Wang fuses his artistic vision with an awareness of ancient systems and an understanding of earth’s peril. His art forces us to consider the inevitable result of human folly, and exhorts us to find the collective will to prevail.

Wang’s other works include “Invasives,” the controlled release of invasive species, “Carbon Copies,” an exhibition linking the production of artworks to the release of greenhouse gases, “Rivals,” a series that connects the sale of artworks to corporate finance, and “Terroir,” monochrome paintings made from the ground bedrock of world cities.

[1] https://climate.nasa.gov/evidence/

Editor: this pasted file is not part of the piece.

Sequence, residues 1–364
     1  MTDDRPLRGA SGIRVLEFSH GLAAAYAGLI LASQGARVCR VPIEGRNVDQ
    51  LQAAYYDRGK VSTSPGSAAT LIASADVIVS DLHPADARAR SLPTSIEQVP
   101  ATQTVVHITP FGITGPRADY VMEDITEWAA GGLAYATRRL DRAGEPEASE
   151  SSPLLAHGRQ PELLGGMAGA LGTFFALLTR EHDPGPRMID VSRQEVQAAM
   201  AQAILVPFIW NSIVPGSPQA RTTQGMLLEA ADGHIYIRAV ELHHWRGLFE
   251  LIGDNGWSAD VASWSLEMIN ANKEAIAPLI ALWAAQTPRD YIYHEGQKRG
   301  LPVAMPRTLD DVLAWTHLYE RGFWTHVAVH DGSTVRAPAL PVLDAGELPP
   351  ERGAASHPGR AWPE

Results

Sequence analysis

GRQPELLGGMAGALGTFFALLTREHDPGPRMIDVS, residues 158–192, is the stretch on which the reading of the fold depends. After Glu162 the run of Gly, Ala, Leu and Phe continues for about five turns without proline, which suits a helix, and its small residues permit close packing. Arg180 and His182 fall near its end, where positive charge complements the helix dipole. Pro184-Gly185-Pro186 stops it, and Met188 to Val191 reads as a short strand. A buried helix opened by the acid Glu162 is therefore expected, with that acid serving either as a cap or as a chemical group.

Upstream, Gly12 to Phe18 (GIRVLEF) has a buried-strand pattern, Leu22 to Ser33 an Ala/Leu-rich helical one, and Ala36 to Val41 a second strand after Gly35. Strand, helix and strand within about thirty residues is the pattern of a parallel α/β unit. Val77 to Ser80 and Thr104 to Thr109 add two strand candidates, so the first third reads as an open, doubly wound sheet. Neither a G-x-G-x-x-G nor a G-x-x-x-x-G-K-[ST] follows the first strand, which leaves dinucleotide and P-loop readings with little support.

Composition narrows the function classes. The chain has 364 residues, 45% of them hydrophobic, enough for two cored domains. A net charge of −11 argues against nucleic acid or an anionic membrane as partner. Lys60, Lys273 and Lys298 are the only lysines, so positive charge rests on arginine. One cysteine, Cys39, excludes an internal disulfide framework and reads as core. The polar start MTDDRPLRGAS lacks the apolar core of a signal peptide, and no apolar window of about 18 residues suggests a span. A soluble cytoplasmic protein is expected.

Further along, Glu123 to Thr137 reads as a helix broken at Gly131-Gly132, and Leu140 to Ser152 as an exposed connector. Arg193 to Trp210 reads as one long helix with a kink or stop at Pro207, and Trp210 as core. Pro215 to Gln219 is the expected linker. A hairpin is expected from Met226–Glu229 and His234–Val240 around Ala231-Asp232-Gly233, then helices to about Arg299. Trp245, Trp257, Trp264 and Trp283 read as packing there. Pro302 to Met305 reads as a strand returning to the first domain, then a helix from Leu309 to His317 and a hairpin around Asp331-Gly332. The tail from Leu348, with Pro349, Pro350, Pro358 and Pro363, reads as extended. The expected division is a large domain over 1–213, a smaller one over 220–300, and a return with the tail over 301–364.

[2] Ibid.
[3] http://www.fruitoftheforest.com/michael-wang-extinct-in-the-wild
[4] Ibid.
[5]https://www.nrdc.org/onearth/culture-clash-nature-and-civilization-face-art-michael-wang

Happy Hanukkah from AntiquityNOW: Children’s Crafts for the Festival of Lights

IMG_0862For Jews around the world Hanukkah is a season of family and remembrance, and what better way to celebrate the joy and miracle of this ancient holiday than seeing the ingenuity of students from the Hollis Hills Jewish Center Nursery School in Queens, New York.

Students at the school range from ages 18 months through five years old. The slideshow below illustrates the work of children from three classes. The Lego menorah was created by a student and her father.  The children were learning about the story of the Maccabees and the miracle of Hanukkah, the Festival of Lights, where a small vessel of olive oil burned in the menorah for eight days at the Holy Temple. The pictures of the Hebrew letters Nun, Gimmel, Hey and Shin are translated “Great Miracle Happened There” (in Israel “Here” is substituted). Continue reading